Recurring Pattern

The influence of the early modernists permeates David Nosanchuk’s designs.

David Nosanchuk

David Nosanchuk likes to hit the repeat button. The New York City–based designer’s work has been returning to the same patterns and themes for decades. Whether it’s artistic obsession or found perfection, he is drawn to do-overs like a siren call.

Nosanchuk’s aesthetic is a distinctive, contemporary take on early modernism, a style he’s been honing since his education at the Cranbrook Academy of Art in Bloomfield Hills, Michigan, the school designed by Eliel and Eero Saarinen that produced greats like Charles and Ray Eames, Harry Bertoia, and Florence Knoll. They are all Nosanchuk’s idols, and he is an ardent follower of their philosophy.

The midcentury designers’ crafts-centric influence is clearly visible in Nosanchuk’s newest creation, a rug collection called Bas Relief. Launched in April, it will be sold by Stark Carpet in 16 showrooms across the country. The eight rugs in the series feel more like works of art than things to walk across. Most of the motifs are derived from something Nosanchuk has worked on before. A chandelier, a standing light, and an ornamental ceiling are all given new life as textiles.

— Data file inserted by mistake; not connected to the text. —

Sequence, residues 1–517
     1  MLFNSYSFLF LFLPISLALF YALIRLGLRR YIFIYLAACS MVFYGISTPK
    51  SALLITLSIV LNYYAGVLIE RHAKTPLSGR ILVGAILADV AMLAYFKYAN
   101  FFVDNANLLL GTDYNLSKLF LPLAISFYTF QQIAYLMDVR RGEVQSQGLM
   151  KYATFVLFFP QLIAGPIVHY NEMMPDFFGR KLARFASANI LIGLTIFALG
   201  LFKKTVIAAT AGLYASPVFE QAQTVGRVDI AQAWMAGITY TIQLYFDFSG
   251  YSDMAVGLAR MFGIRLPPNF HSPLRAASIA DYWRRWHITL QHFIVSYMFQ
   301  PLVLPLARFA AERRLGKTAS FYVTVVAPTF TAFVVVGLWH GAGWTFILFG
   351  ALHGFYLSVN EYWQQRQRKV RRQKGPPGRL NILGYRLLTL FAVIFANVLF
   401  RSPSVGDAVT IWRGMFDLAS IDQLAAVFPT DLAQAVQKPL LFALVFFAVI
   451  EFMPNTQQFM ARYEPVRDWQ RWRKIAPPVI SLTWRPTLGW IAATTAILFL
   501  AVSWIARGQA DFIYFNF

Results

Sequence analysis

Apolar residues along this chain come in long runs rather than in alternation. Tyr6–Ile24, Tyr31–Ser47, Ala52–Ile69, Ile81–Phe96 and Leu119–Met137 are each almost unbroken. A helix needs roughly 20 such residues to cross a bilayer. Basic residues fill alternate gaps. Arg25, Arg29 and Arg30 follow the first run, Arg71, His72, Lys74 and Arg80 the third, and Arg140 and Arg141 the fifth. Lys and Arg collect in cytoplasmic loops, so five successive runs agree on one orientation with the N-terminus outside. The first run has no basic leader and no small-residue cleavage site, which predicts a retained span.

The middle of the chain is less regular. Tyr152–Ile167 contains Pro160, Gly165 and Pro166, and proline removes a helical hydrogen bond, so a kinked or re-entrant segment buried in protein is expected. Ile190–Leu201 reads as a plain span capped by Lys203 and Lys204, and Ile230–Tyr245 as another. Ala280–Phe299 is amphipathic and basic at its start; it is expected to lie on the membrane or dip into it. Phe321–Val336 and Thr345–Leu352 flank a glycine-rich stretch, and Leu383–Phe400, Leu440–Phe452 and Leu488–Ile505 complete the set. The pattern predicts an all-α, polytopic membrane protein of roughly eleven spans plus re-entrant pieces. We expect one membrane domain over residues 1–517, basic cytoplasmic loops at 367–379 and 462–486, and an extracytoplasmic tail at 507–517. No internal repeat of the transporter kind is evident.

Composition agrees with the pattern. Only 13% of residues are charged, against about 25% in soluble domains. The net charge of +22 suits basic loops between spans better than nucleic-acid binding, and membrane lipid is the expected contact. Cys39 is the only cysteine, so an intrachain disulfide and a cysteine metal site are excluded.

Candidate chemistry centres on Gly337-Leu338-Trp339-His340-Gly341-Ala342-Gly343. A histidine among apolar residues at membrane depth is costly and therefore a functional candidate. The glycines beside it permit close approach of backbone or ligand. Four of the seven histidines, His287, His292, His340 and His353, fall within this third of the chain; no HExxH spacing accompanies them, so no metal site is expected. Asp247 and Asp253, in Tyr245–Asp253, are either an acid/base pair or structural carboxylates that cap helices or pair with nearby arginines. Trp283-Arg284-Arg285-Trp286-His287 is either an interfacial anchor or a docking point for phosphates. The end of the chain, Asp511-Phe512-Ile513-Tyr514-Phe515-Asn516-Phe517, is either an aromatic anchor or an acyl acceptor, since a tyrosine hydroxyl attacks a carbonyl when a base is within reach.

This kind of translation is something that Nosanchuk has been practicing for the entirety of his career. A repeating motif designed for a wooden boat adornment later became an iron ventilation grill. A pattern created for an interior design was infused into a piece of furniture. The framework of an architectural concept looks strikingly similar to a series of table lamps, sconces, and chandeliers.

The coordination is intentional. Nosanchuk loves making things match, from the smallest item to the largest. “I call it the total thrust of an idea,” he says. “I was brought up in an environment that was very much steeped in this idea, where everything should be in collaboration, thoughtfully and carefully working together.”

The environment Nosanchuk refers to is, of course, Cranbrook. “My education taught me to look at every detail in an environment.” he says. “Now, I think about design in everything that I do. I use the same approach to design as when making a Caesar salad—the more thoughtfully placed the components, the more savory the outcome.”

Fittingly, two years ago Nosanchuk was commissioned to create a number of special pieces for the Cranbrook campus. So far, he has returned to produce a light for the recent extension of the girls’ middle school building, as well as a rug and an entry seating element. “It’s a symbolic and inspiring homecoming,” he says. “And they’re proud of me, too. I’m a product of that environment, and now I’m giving back to it.”

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